Meaningful Empowerment of the therapy professional entails having sufficient and effective delegate authority to control and manage necessary resources, to take responsibility for outcomes, service developments and improvements. This control may be delegated by the employing organisation, or it may be inherent from one’s position of being a private practitioner. Being empowered involves being enabled to create opportunities were they don’t exist and realising opportunities that present themselves. Inevitably having that kind of autonomy entails taking responsibility for the rationing and rationalising of our services and to manage scarce resources in line with prevailing priorities of the most relevant stakeholders (i.e. the patient) in collaboration and negotiation with other stakeholders such as the commissioners of our services, health insurers, senior colleagues and managers. In other words having autonomy or control does not mean having the freedom to decide what you want to do. It can’t and doesn’t because there are many stakeholders and healthcare is too complex for simplistic perceptions to apply. I will explore this in more depth later.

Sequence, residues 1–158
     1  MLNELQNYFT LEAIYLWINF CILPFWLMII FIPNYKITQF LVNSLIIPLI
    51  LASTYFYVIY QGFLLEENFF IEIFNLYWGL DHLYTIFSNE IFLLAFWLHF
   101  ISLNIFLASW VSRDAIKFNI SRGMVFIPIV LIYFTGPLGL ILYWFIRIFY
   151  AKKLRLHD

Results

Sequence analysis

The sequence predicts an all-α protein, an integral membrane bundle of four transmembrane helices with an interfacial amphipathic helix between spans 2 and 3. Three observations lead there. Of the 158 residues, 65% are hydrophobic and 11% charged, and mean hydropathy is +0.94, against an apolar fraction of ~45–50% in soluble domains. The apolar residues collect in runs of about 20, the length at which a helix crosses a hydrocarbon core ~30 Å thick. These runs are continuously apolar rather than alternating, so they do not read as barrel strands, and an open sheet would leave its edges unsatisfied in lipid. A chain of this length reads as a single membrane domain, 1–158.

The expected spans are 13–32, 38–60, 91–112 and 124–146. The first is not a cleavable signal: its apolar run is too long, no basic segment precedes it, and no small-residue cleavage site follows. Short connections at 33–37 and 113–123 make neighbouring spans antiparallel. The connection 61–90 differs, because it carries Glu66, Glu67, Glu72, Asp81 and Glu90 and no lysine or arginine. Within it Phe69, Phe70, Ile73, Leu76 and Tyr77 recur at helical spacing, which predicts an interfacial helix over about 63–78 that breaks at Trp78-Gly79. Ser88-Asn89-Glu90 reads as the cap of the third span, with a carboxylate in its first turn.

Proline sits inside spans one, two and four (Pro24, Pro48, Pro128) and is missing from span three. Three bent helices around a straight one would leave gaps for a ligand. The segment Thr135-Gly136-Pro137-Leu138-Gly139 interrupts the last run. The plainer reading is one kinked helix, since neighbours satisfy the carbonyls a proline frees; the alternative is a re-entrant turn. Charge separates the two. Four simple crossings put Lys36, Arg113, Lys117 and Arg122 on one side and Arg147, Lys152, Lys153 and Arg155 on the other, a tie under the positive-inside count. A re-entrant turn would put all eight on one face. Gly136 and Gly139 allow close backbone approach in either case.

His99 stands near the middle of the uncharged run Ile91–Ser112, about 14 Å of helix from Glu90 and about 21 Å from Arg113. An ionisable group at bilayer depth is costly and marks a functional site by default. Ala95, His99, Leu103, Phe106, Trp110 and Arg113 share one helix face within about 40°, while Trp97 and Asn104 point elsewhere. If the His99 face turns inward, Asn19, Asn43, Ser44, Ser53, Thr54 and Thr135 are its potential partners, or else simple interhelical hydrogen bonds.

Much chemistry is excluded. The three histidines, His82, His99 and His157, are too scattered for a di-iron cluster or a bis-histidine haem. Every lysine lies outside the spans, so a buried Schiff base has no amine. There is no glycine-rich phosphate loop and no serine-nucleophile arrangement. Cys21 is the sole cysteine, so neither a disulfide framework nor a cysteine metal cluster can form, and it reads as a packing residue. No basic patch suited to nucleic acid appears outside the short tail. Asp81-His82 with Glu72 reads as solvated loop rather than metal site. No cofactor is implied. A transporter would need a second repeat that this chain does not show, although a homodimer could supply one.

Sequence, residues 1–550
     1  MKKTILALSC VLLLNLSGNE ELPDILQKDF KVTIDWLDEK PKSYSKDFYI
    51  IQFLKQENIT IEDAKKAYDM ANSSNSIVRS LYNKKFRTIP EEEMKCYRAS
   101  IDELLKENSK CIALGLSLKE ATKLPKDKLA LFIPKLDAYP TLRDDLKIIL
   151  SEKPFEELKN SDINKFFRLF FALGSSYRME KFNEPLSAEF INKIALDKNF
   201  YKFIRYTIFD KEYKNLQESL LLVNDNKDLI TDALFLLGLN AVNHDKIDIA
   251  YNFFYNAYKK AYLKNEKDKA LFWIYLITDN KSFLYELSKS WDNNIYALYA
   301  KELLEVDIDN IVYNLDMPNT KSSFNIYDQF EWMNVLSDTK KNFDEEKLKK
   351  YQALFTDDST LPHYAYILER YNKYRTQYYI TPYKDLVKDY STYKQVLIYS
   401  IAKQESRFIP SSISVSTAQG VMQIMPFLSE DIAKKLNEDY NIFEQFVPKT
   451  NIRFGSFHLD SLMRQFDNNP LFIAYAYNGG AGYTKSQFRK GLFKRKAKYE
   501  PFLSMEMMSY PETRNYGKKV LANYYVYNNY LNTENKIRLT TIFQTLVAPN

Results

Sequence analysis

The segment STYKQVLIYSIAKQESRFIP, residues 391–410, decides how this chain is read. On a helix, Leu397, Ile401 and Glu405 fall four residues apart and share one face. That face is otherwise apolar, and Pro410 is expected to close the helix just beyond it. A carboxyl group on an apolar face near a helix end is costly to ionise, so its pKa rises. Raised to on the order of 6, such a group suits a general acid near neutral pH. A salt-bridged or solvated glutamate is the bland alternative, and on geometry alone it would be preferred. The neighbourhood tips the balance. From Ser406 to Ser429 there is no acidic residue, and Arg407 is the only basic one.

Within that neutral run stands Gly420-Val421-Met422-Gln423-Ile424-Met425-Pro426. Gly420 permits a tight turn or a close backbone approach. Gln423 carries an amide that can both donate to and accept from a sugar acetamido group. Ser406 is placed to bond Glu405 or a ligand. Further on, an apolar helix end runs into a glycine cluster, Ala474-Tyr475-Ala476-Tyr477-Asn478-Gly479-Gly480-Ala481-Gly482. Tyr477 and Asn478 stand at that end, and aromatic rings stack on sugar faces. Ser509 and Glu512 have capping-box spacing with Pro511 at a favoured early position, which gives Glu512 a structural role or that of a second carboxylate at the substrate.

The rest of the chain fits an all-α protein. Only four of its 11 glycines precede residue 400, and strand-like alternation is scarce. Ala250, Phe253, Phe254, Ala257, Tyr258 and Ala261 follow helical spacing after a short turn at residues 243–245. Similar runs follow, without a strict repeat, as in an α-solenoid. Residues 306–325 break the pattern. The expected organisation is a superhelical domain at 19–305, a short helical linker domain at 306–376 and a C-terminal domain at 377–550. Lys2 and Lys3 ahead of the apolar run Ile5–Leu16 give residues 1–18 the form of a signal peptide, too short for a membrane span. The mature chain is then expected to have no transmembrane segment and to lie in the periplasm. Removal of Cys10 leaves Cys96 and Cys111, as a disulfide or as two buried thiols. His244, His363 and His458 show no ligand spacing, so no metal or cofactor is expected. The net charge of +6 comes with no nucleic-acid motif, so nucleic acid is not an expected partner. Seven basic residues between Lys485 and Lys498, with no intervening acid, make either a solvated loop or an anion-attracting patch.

If this concept feels alien or uncomfortable: PA is not a comfort blanket to help us to feel better about our own position or identity. I argue that PA as a concept and is nothing, unless and until it is the consequence of being empowered to do what is in the interest of your patients and service and the future of your service, by your employing organisation and those who refer to you or pay for your professional services as a therapist.